A section of a graph published by the New York Times on Jan 14 2009. It shows that the number of obese people in the USA has stopped growing. Peak fat?
Peaking of anything is always interesting for "peakers", people who study peak oil and the peaking of natural resources. So, is peak fat something that we can interpret as part of a general peaking phenomenon? In some ways, yes.
The interpretation given in the article is that peak fat is the result of some kind of physical limit: people can't just get fatter than they are already. It may be, but it is also true that we are not speaking of people getting fatter, but of the fraction of people who reaches values of the "body mass index" (BMI) that define obesity. So, if about 35% of adult males in the US are defined today as obese, there is no obvious physical limit that would prevent this number from going higher. Why not 50%? Or 75%?
What is the limit of obesity? It depends on what causes it. Obesity is sometimes taken as an indication of national wealth. The United States, it is said, is a rich country and there are so many obese Americans because they can afford to eat what they want. That is not the case; actually it is the opposite. In the United States, people get fat because they cannot afford to eat what they want.
There have been several studies (see, e.g., this link ) showing that poor people tend to optimize their diet in terms of the ratio of calories to dollars. In other words, they try to buy the cheapest food that can provide them with the same number of calories. Unfortunately, it turns out that this cheap food is what we call "junk food"; food rich in saturated fats and sugar. This is the kind of food that makes you obese. Healthy food is expensive in terms of calories per dollar and the poor cannot afford it. Surely, there are also cultural factors that lead Americans to eat junk food. But economic factors must play a major role.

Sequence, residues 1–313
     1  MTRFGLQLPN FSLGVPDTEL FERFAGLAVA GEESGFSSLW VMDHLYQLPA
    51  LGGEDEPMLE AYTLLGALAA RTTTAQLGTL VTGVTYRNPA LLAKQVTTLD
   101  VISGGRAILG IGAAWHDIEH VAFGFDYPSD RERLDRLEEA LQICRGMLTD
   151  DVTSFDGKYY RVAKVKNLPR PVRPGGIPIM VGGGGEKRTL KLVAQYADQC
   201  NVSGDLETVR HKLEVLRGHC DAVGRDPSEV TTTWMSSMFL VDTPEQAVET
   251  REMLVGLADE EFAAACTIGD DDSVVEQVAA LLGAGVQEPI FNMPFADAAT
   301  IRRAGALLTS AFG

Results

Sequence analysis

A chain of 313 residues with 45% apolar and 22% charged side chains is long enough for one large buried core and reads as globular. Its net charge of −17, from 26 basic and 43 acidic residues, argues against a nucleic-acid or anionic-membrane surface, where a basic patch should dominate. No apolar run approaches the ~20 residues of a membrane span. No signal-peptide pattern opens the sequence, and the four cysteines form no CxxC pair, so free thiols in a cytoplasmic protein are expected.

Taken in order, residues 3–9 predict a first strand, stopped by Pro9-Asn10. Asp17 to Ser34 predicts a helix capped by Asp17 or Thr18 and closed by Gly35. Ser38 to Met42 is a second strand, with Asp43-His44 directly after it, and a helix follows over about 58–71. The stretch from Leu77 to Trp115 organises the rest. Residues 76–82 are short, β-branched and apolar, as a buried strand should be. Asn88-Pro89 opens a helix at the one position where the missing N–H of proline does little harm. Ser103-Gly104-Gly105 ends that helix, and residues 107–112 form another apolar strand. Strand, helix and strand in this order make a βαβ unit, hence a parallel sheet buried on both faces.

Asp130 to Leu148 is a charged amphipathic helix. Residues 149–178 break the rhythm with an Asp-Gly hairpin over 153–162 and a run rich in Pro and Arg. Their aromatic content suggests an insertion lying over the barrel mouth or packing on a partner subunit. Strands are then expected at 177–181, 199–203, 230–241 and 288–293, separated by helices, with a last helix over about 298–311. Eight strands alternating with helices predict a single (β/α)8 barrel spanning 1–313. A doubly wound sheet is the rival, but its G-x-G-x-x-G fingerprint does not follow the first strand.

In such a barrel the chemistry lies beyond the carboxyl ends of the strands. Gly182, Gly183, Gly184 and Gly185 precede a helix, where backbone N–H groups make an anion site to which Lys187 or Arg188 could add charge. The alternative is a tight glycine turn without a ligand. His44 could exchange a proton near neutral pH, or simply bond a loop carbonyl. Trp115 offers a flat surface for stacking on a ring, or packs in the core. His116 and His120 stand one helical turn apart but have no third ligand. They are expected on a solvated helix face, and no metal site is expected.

So, I can propose an explanation for the peaking of the growth of obesity. It may be that poor people in the USA are becoming so poor that they can't afford any more even a diet of junk food. They must cut on the overall food budget and that is surely a way of losing weight, although not a planned one.
Of course, this is just a hypothesis but, if it is true, then "peak fat" is indeed related to the economy and - indirectly - to crude oil. The obesity epidemics started in the 1970s, when the US economy underwent what was termed "the great u-turn" by Bluestone and Harrison, who published a book with that title in 1982. The great u-turn led to an increase in the income inequality in the US, which is lasting to this day. In other words, the poor started becoming poorer and their diet started to worsen. The trend is continuing and, at this point, it may be that we have reached a turning point that makes even junk food unaffordable for the poor. In general, these economic trends are due in large part to the diminishing availability of mineral resources - oil is just one of them. So, peak fat may well be another effect of peak oil.